September 2016
Volume 57, Issue 12
Open Access
ARVO Annual Meeting Abstract  |   September 2016
Retinal imaging with full-field optical coherence microscopy
Author Affiliations & Notes
  • Kate Grieve
    Institut de la Vision, Paris, France
    Quinze Vingts Ophthalmology Hospital, Paris, France
  • Vincent Borderie
    Institut de la Vision, Paris, France
    Quinze Vingts Ophthalmology Hospital, Paris, France
  • Michel Paques
    Institut de la Vision, Paris, France
    Quinze Vingts Ophthalmology Hospital, Paris, France
  • Footnotes
    Commercial Relationships   Kate Grieve, None; Vincent Borderie, None; Michel Paques, None
  • Footnotes
    Support  European Research Council SYNERGY Grant scheme (HELMHOLTZ, ERC Grant Agreement # 610110) and Agence Nationale de Recherche (ANR), under a PRTS (Projet de Recherche Translationelle en Santé) grant (ANR-13-PRTS-0009)
Investigative Ophthalmology & Visual Science September 2016, Vol.57, 470. doi:
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    • Get Citation

      Kate Grieve, Vincent Borderie, Michel Paques; Retinal imaging with full-field optical coherence microscopy. Invest. Ophthalmol. Vis. Sci. 2016;57(12):470.

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      © ARVO (1962-2015); The Authors (2016-present)

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Abstract

Purpose : To interpret full-field optical coherence microscopy (FFOCM) images of ex vivo retina.

Methods : Images of flatmounted retinas of human, primate, pig, sheep, rat, mouse and zebrafish were acquired using FFOCM. For identification of ganglion cells, samples immunolabelled against Tuj1 and Brn3a were analyzed by combining FFOCM, fluorescence confocal microscopy (FCM) and fluorescence-FFOCM. To investigate post-mortem tissue changes, time series were acquired on primate retina over 48 hours and on fresh versus fixed tissue.

Results : With FFOCM, cell types and features such as nerve fiber bundles and RGC somas were resolved without use of contrast agents at 1µm xyz resolution. RGC somas in large mammals appeared bright with dark contours, while in rodents RGC somas appeared dark with bright contours. RGC axon to soma junctions could be traced in the 3D image stacks. Time series revealed undulation of retinal tissue samples over 48 hours, though no degradation of individual cells was detected, while paraformaldehyde fixation caused increased scattering and shrinkage.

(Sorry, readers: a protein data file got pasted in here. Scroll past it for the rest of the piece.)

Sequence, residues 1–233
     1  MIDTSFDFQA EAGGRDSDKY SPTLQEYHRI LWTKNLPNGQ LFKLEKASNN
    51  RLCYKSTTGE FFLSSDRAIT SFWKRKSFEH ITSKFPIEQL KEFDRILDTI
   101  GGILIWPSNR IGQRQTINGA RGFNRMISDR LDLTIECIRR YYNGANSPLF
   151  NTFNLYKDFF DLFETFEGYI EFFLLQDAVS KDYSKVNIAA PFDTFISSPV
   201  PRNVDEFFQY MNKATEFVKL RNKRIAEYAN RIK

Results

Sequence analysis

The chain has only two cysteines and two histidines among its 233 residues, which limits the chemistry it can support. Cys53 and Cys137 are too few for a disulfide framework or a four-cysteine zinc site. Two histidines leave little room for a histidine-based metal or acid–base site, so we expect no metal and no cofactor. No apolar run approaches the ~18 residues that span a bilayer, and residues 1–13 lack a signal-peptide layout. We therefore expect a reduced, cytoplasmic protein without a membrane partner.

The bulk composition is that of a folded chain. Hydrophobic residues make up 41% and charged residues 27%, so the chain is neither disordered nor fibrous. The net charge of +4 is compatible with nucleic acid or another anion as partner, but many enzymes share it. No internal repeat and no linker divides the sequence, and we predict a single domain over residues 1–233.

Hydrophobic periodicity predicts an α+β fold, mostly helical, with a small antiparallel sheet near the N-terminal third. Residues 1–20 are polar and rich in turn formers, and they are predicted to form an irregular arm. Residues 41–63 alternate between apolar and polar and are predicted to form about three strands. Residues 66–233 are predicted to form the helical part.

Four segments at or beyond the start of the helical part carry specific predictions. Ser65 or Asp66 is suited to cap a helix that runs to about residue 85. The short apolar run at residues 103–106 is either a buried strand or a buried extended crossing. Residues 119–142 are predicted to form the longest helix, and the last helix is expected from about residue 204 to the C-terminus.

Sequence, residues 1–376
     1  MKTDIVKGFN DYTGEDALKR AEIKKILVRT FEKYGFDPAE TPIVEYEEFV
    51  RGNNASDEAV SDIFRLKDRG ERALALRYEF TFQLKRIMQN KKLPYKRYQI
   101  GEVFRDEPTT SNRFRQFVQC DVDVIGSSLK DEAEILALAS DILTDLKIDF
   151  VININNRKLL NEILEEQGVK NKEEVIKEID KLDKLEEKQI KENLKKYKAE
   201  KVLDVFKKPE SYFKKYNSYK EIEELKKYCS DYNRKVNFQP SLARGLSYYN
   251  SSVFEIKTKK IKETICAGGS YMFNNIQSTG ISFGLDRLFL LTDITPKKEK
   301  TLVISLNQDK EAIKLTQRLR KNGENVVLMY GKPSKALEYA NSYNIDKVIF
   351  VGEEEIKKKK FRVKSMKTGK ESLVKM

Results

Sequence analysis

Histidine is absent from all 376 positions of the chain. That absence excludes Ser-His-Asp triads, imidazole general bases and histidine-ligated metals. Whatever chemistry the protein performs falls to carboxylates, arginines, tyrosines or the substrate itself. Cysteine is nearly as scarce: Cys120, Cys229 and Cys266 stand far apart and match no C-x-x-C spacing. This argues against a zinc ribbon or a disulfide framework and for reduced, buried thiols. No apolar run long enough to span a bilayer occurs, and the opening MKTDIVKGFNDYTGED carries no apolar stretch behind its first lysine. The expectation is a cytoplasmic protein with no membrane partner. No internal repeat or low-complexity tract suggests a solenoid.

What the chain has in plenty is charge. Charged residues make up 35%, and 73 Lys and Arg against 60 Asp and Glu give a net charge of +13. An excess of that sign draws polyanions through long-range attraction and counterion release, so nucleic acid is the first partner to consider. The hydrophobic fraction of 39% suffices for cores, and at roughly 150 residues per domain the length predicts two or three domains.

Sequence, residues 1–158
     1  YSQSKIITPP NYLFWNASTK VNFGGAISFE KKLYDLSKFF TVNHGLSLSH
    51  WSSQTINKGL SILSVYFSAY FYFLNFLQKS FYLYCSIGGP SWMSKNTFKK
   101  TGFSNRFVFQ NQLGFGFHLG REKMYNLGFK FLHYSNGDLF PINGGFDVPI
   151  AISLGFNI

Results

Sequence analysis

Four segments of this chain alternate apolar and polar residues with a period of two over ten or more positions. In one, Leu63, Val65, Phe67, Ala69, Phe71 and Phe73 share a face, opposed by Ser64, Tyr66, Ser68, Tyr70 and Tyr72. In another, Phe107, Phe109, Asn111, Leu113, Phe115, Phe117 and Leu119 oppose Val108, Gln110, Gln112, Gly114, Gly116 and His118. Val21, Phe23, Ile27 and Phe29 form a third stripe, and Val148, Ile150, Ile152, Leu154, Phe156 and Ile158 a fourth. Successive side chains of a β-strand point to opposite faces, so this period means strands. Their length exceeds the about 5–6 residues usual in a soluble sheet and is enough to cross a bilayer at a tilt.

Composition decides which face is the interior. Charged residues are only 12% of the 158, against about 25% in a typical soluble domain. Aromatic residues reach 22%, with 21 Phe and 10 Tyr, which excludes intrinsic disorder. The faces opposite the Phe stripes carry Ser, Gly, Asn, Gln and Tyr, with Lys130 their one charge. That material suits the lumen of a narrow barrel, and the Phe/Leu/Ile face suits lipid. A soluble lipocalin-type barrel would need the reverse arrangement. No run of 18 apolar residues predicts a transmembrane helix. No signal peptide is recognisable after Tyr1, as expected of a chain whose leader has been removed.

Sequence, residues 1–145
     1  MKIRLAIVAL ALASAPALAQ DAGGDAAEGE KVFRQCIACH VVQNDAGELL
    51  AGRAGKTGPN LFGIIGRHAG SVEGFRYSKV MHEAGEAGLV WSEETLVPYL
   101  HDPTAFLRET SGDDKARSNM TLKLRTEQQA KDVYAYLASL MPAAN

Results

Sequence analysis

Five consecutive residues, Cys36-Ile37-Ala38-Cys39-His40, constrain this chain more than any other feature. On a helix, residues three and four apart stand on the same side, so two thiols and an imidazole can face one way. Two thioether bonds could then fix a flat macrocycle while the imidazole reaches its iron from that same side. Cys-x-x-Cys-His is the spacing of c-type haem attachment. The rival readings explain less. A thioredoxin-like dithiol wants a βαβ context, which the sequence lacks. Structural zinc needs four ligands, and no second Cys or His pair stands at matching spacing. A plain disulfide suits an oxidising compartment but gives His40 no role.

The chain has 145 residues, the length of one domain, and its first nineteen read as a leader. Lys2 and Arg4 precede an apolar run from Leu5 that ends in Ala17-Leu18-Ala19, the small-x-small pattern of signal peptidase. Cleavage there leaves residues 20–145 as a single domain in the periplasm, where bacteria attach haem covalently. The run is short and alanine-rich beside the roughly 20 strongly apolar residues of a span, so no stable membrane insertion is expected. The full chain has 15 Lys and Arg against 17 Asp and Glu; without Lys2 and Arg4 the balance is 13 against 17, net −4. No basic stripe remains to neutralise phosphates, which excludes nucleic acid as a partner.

Conclusions : FFOCM reveals micrometric morphological detail in the retina without the use of contrast agents. We observed interspecies differences in optical properties of RGC somas. Fixation significantly alters retinal transparency hence reducing the visibility of microscopic features.

This is an abstract that was submitted for the 2016 ARVO Annual Meeting, held in Seattle, Wash., May 1-5, 2016.

 

Rat retina in FFOCM and FCM. a cross-section; b wide field mosaic of flat-mounted section of rat retina with optic nerve located at the bottom of the image and the periphery at the top, with letters indicating locations of zoomed zones c-f; c zoom on peripheral zone with FFOCM and d similar zone in FCM with Tuj1 staining reveal axons and cells; e zoom on zone close to optic nerve with FFOCM and f with FCM with Tuj1 staining reveal axon bundles. In FFOCM, axons are bright and cells are dark centered, bright contoured. Scale bar a 100µm; b 200µm, c-f 50µm.

Rat retina in FFOCM and FCM. a cross-section; b wide field mosaic of flat-mounted section of rat retina with optic nerve located at the bottom of the image and the periphery at the top, with letters indicating locations of zoomed zones c-f; c zoom on peripheral zone with FFOCM and d similar zone in FCM with Tuj1 staining reveal axons and cells; e zoom on zone close to optic nerve with FFOCM and f with FCM with Tuj1 staining reveal axon bundles. In FFOCM, axons are bright and cells are dark centered, bright contoured. Scale bar a 100µm; b 200µm, c-f 50µm.

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